Cognitive behavioral therapy (CBT) is the most commonly used approach to treating social anxiety disorder (and anxiety disorders overall). Cognitive behavioral therapy is typically short-term and goal-oriented. For teens with social anxiety disorder, this method of psychotherapy targets the unhealthy thinking patterns and behaviors that drive the social anxiety, and provides the tools and skills to manage the thoughts and choose healthier behaviors. Cognitive behavioral therapy also helps teens with SAD understand the connection between their thoughts, feelings, and behaviors.
While not as common as CBT, exposure therapy can be an effective psychotherapeutic approach for teens with social anxiety. Exposure therapy gradually exposes the teen to their fears (while keeping them safe), while teaching helpful strategies for managing the fear. Exposure therapy is based in the belief that the more a person encounters their fears, the less and less scary they become. Exposure therapy also helps teenagers learn they can feel fear, and “do it” (whatever it is they are afraid of – in this case, social situations) anyways.
Medication is often prescribed to teenagers who struggle with social anxiety disorder, especially if SAD is significantly impacting their functioning. Overall, anxiety medication targets the brain’s emotional control center and aids in the circuits functioning more efficiently. A variety of medications, combined with therapy, may be prescribed to teenagers with social anxiety disorder, including:
- Selective Serotonin Reuptake Inhibitors (SSRIs): Typically prescribed for individuals with depression, SSRIs such as sertraline (Zoloft, citalopram (Celexa), escitalopram (Lexapro), and fluoxetine (Prozac), help the brain to slow the re-absorption of serotonin (a neurotransmitter that regulates anxiety and overall mood).
- Benzodiazepines: Benzodiazepines fall under the class of medications called sedatives, and while they are not the typically the first course of treatment for teens with SAD (due to the addictive nature of the drugs, and the risk of developing a tolerance), they are sometimes prescribed. Benzodiazepines such as diazepam (Valium), lorazepam (Ativan), clonazepam (Klonopin), and alprazolam (Xanax), work by affecting the activity of the brain’s neurotransmitter GABA, and as a result, tend to have a calming effect on the parts of the brain that become “excitable” (which translates to anxiety for many).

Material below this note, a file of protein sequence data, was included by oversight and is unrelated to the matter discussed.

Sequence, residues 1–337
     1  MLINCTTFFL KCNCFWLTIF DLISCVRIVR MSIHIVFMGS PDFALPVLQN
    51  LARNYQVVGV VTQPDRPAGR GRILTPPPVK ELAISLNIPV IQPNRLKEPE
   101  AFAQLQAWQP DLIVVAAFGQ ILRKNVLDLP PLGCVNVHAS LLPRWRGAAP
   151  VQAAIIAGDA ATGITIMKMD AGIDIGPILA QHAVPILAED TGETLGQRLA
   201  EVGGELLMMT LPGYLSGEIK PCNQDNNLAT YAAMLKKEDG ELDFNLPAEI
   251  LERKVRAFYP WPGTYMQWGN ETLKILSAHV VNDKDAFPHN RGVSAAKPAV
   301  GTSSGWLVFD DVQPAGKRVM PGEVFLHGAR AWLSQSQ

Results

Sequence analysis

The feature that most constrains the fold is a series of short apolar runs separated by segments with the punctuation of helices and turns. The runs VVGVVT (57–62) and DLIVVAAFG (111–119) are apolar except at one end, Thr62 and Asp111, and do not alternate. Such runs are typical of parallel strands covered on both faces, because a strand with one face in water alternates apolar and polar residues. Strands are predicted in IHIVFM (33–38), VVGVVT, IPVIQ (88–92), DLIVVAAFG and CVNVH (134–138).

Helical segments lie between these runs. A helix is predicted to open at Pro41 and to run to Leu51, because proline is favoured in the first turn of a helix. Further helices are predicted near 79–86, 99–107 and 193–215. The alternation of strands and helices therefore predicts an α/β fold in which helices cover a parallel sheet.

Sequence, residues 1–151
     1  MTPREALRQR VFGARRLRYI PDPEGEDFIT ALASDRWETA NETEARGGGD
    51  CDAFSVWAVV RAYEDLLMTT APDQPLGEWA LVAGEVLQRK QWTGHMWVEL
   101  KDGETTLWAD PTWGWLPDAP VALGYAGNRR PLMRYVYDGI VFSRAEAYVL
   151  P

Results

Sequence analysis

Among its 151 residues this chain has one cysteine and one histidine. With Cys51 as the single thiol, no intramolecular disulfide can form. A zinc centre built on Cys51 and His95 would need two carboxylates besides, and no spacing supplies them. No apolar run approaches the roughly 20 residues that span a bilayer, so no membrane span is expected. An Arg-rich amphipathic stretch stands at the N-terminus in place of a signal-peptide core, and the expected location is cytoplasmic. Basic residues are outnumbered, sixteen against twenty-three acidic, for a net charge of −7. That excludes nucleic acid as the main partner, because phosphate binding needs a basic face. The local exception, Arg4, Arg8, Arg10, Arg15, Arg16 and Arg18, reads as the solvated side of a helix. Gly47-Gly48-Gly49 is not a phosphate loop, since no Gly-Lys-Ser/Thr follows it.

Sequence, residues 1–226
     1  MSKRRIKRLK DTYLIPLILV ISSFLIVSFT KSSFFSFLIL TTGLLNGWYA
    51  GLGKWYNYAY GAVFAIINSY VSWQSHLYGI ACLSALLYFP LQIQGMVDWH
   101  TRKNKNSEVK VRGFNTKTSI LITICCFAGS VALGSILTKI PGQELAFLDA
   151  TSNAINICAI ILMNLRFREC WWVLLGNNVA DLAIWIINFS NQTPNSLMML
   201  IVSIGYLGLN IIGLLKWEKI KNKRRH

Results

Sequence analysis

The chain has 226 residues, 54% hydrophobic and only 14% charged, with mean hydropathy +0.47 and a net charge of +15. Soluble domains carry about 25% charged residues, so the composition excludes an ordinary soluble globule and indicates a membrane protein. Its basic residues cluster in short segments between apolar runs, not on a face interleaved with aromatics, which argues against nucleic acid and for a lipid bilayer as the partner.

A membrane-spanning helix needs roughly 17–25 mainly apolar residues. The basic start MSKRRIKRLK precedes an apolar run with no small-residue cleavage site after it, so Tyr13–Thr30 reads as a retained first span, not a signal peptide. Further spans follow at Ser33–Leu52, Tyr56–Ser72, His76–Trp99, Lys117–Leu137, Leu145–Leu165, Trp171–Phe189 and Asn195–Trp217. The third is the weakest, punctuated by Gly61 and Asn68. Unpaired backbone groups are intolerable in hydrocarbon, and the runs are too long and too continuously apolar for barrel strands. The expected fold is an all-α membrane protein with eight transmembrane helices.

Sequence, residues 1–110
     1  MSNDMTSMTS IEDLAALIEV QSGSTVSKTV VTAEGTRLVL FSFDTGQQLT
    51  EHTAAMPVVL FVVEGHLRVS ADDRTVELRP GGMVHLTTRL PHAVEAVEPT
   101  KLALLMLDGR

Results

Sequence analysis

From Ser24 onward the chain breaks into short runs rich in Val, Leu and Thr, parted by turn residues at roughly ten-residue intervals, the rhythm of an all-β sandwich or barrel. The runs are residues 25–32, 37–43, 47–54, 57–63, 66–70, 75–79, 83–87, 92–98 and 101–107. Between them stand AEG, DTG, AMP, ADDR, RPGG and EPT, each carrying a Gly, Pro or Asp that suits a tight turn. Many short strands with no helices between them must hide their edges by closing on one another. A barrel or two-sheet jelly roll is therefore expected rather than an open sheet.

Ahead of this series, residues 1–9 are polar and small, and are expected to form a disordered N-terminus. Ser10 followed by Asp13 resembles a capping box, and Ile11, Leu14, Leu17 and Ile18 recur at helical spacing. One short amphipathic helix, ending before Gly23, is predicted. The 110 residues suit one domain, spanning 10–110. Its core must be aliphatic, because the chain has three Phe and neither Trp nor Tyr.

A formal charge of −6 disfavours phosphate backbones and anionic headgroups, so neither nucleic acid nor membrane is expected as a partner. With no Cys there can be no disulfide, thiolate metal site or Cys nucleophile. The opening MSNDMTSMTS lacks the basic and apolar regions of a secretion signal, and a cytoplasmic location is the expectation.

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Polaris Teen Center is a residential treatment facility for teens and adolescents suffering from severe mental health disorders. Our highly accredited facility is fully licensed and certified in Trauma Informed Care and is a part of the Behavioral Health Association of Providers (formerly AATA).
- Control Your Breathing. Anxiety can cause changes in your body that make you uncomfortable. ...
- Try Exercise or Progressive Muscle Relaxation. ...
- Prepare. ...
- Start Small. ...
- Take the Focus Off Yourself. ...
- Talk Back to Negative Thoughts. ...
- Use Your Senses.
Social anxiety disorder is typically treated with a combination of psychotherapy and medication. Individual psychotherapy – Psychotherapy can help your teen understand the intense anxiety he or she experiences, and find healthy ways to cope and, hopefully, overcome it.How do I help my daughter with social anxiety? ›
Gently encourage your child to join in social situations, do things in front of other people, and start new activities. Avoiding social situations can make the issue worse. If your child has an anxious reaction to a situation, don't worry. Try the situation again another time with more preparation.What causes social anxiety in a teenager? ›
Social anxiety may occur after a frightening or hurtful experience such as being bullied or abused. Being very self-critical can also be a factor.What is the fastest way to cure social anxiety? ›
- Learn stress-reduction skills.
- Get physical exercise or be physically active on a regular basis.
- Get enough sleep.
- Eat a healthy, well-balanced diet.
- Avoid alcohol.
- Limit or avoid caffeine.
- Participate in social situations by reaching out to people with whom you feel comfortable.
Breaking Free From Anxious Symptoms
Getting professional help is key to your future well-being. Cognitive behavioral therapy (CBT) and behavioral activation (BA) are two recommended psychological approaches to breaking free of social anxiety. Both are evidence-based and equally effective in treating social anxieties10.
- Show genuine interest in other people.
- Just stop worrying about what people think.
- Identify the emotion behind your idea.
- Get good at telling stories.
- ADOPT HEALTHY MENTAL HEALTH HABITS AND ROUTINES. ...
- TALK ABOUT IT: DON'T BOTTLE UP SOCIAL ANXIETY. ...
- ADOPTING A POSITIVE ATTITUDE INCREASES MENTAL HEALTH. ...
- HELP YOUR CHILD DEVELOP INTERPERSONAL SKILLS. ...
- TEACH YOUR CHILD RELAXATION TECHNIQUES.
Parenting factors of insecure parent–child attachment; negative parenting styles, such as overcontrol or criticism; and modeling social anxiety have been implicated in the development of SAD in children.What triggers social anxiety in kids? ›
Children who experience teasing, bullying, rejection, ridicule or humiliation may be more prone to social anxiety disorder. In addition, other negative events in life, such as family conflict, trauma or abuse, may be associated with this disorder.
- Blushing, sweating, shaking or feeling your heart race in social situations.
- Feeling very nervous to the point of feeling nauseated in social situations.
- Not making much eye contact when interacting with others.